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Biden commits 20M extra COVID-19 vaccine doses to struggling nations overseas

By
Don Jacobson
President Joe Biden gives an update Monday on the federal COVID-19 response and vaccination program in the East Room of the White House in Washington, D.C.  Photo by Shawn Thew/UPI
President Joe Biden gives an update Monday on the federal COVID-19 response and vaccination program in the East Room of the White House in Washington, D.C.  Photo by Shawn Thew/UPI | License Photo

May 17 (UPI) -- The United States will send 20 million additional doses of American-made COVID-19 vaccines to other countries that have supply shortages, President Joe Biden announced on Monday.

Biden said millions of doses of the Pfizer, Moderna and Johnson & Johnson vaccines, which were originally approved for U.S. distribution, will instead be sent abroad by June.

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The move comes three weeks after the White House announced that 60 million doses of the AstraZeneca vaccine -- which has not yet been authorized in the United States -- would be released to other countries over the next several months. Another 4 million AstraZeneca doses are to be shared with Mexico and Canada.

Monday's decision brought the total number of U.S. doses now slated for use abroad to 80 million.

"We know that America will never be safe under the pandemic that's raging globally is under control," Biden said at the White House briefing.

"No ocean is wide enough, no wall is high enough to keep us safe. Rampant disease and death in other countries can destabilize them and pose a risk to us as well."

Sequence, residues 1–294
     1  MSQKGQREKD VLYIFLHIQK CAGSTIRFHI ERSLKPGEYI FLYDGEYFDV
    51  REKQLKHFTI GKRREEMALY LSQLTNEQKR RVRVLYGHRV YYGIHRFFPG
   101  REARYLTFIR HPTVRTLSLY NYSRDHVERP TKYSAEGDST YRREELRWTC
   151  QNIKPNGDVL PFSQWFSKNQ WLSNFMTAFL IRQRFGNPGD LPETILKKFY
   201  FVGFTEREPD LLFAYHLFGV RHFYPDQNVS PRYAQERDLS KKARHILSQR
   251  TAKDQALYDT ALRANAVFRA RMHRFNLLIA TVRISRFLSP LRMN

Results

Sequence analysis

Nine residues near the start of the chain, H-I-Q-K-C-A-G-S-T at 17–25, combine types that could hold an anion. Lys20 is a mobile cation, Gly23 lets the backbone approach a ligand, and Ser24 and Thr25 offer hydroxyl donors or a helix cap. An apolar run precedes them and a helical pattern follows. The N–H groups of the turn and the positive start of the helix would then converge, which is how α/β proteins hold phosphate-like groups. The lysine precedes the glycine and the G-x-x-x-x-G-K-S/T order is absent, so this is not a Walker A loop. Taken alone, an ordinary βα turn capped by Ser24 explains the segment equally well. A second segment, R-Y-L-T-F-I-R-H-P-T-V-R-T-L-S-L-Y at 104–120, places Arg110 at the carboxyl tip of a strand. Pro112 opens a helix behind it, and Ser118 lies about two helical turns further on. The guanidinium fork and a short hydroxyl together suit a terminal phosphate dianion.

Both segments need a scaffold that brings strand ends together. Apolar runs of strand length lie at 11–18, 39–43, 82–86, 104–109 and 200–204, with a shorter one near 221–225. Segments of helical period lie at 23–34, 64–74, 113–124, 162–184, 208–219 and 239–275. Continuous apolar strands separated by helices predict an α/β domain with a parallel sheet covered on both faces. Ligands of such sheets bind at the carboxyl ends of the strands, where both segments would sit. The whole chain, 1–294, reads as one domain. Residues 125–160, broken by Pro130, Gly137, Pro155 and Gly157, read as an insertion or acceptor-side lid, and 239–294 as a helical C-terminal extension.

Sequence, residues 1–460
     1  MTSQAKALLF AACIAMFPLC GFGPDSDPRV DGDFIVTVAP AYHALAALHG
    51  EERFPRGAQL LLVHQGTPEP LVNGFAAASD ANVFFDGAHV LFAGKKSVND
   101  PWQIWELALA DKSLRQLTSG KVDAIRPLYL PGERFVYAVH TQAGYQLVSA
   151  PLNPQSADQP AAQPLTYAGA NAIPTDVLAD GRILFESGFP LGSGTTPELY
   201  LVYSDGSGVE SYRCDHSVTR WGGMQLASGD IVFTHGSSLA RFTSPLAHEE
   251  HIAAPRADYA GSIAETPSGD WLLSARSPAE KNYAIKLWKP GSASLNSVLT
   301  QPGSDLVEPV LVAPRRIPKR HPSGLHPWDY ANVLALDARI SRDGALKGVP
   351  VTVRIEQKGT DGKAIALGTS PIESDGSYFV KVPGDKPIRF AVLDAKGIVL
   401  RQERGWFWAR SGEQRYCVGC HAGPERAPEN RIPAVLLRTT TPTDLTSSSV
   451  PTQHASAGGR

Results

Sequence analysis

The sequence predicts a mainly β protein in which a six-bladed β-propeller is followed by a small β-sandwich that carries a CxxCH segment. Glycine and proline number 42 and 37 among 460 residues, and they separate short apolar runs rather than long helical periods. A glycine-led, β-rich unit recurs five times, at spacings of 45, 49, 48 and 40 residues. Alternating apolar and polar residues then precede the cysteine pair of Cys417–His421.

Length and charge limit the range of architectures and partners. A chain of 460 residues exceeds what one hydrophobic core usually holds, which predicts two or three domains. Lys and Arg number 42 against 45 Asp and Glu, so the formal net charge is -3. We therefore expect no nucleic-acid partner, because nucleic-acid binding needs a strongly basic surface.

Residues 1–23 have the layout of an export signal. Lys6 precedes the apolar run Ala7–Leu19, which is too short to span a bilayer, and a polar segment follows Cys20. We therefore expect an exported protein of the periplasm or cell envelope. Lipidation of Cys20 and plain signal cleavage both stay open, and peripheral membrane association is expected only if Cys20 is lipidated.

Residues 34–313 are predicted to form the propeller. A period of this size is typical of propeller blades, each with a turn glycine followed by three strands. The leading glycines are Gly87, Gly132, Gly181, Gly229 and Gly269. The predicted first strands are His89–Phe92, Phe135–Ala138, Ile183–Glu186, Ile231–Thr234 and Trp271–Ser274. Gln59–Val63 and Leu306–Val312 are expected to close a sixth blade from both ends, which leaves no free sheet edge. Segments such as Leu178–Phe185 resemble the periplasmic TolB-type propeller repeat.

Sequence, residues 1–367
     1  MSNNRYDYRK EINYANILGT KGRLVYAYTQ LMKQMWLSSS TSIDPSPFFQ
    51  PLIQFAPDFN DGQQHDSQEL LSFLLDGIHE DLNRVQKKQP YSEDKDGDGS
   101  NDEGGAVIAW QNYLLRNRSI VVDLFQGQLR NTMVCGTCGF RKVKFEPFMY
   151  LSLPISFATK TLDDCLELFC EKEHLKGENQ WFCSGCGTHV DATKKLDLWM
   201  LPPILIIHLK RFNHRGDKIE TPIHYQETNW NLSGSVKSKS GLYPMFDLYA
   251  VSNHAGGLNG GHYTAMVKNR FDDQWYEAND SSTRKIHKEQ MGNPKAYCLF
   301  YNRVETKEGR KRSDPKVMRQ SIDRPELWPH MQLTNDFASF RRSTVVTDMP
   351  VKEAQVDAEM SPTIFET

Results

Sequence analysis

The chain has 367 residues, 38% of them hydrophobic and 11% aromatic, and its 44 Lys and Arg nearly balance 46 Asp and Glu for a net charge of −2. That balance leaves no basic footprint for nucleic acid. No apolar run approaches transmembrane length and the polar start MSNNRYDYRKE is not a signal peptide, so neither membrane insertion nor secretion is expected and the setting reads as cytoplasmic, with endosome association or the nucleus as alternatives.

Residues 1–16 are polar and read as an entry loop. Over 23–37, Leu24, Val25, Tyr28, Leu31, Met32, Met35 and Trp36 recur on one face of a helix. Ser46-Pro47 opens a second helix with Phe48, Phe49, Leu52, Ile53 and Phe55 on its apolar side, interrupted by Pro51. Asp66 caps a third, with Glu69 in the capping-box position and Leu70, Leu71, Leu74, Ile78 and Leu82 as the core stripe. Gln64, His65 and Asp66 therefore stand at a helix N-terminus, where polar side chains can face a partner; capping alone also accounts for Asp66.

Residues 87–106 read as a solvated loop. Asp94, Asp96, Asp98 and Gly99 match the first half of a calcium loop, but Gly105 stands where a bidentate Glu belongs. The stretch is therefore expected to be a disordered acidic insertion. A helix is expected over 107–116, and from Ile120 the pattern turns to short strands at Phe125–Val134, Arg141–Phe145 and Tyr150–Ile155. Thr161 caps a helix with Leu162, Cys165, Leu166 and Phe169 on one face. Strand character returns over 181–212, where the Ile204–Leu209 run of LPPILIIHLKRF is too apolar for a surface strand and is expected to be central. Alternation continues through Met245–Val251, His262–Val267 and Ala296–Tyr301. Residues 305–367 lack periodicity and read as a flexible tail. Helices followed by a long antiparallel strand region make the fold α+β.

As India and its South Asian neighbors experience a deadly wave, they will be facing a vaccine shortfall of nearly 190 million doses by the time G7 leaders gather in Britain for a summit next month, UNICEF Executive Director Henrietta Fore said Monday.

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Citing the possibility of new variants arising during unchecked spread abroad, Biden said the United States has a moral obligation to help other nations.

"It's the right thing to do, it's the smart thing to do, it's the strong thing to do," he said.

Last month, Biden pledged that the United States would become an "arsenal" of global vaccine supply and repeated that vision Monday.

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"We will become an arsenal of vaccines for other countries, just as America was the arsenal of democracy in World War II."

He noted that the 80 million doses committed by the United States is five times greater than any other country, including Russia and China.

Biden also announced the appointment of White House coronavirus coordinator Jeff Zients to lead a new global effort to fight the pandemic on a global scale.

Zients will work with the National Security Council and other agencies to coordinate the doses sent overseas.

Scenes from COVID-19 surge in India

Homeless and migrant laborers affected by the COVID-19 lockdown queue up to receive free cooked food distributed by Sikh volunteers in New Delhi, India, on May 18, 2021. Photo by Abhishek/UPI | License Photo

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